The Growth of Multi-branding in Tourism
One of the most notable megatrends we have seen in the tourism industry has been the spectacular growth of multi-branding in recent years. This is increasingly the practice of large companies which offer a diversity of products and services managed and marketed under identifiable brand names. Its hardly a new practice in tourism but its is a growing practice for larger players in the industry.
I’m sure every ETB Travel News reader will be aware of at least some of the Travel Corporation’s key brands including Contiki , Insight, Trafalgar, AAT Kings, Busabout (just to name five). Each of the Travel Corporations’ brands have a distinct identity in their target market and in the case of Trafalgar and Insight compete vigorously with each other. In the tour wholesalers sector we are seeing other major groups emerging. Multi-branding occurs in every sector of the tourism industry.
Increasingly major airlines are multi-branding to present a distinct identity to specific sectors of their target market. Singapore Airlines last week announced that it will merge its low cost carrier brands Scoot and Tigerair but even with the merge it will still operate Singapore Airlines (premium long-haul and Silkair (full-service short/medium haul) brands.
The hotel sector has been a leader in multibranding with the Accor Group (20+ brands) offering the broadest selection of brands.
In the attractions sector Merlin Entertainments, Ardent Leisure and the Disney Corporation offer many brands which often better known in the marketplace than the parent company.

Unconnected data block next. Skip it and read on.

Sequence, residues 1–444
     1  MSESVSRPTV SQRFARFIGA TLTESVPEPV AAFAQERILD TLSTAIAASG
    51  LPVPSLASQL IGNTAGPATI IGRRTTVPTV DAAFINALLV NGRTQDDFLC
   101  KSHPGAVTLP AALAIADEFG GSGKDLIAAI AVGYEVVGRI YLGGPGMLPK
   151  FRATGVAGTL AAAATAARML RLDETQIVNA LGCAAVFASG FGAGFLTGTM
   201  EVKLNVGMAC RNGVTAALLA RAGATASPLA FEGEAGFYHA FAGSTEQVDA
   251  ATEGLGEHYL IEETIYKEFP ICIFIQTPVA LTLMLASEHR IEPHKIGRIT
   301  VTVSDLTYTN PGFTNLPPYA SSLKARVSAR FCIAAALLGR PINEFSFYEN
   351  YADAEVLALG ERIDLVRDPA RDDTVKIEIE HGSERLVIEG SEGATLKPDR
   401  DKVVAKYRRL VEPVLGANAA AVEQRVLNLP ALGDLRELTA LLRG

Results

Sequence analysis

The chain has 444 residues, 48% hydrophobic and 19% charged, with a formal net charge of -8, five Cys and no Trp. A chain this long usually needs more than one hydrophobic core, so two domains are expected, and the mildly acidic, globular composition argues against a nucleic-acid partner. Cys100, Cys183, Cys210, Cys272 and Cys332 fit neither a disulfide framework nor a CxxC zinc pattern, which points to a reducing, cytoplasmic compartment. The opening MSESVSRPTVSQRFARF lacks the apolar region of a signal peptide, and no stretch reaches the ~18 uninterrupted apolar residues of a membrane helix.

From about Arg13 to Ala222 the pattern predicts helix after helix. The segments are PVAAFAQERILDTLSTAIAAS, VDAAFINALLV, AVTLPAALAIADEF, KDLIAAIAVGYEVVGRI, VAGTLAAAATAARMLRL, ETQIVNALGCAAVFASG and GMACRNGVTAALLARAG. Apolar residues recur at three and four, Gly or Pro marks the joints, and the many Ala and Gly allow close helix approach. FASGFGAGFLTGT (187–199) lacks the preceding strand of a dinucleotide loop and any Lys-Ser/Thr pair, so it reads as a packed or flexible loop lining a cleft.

In the examples mentioned above the practice of operating and marketing multiple brands in the same general sector is known as horizontal integration. However there are many companies which may offer multi-brands in different sectors of the service chain. this is known as vertical integration. Flight Centre has a number of travel agency brands among its 25 various brands (including Flight Centre, Escape Travel and Students Flights) however by owning its own wholesalers infinity Travel it is also demonstrating that it is practising both horizontal and vertical integration. One of the most compelling benefits for large companies which multi-brand is that a large company can provide the product and service intimacy of a small company if a unit of its management and staff focus on a specific market sector.
As the global travel market has become larger and more diverse, it is no longer possible for any tourism business to be all things to all people. Flight Centre CEO Graham Turner was one of the first travel agents to recognize this trend and multi-branding has worked very well for the Flight Centre group to harness its skills and abilities to be leaders in various segments of the travel agency market while being able to harness common resources such as IT and research and in-house training to benefit the operation of all its brands.
It is certainly clear that once a business reaches a particular threshold in terms of size and the diversity of its target market multi-branding is certainly the most effective management, operational and market strategy to reach out to customers.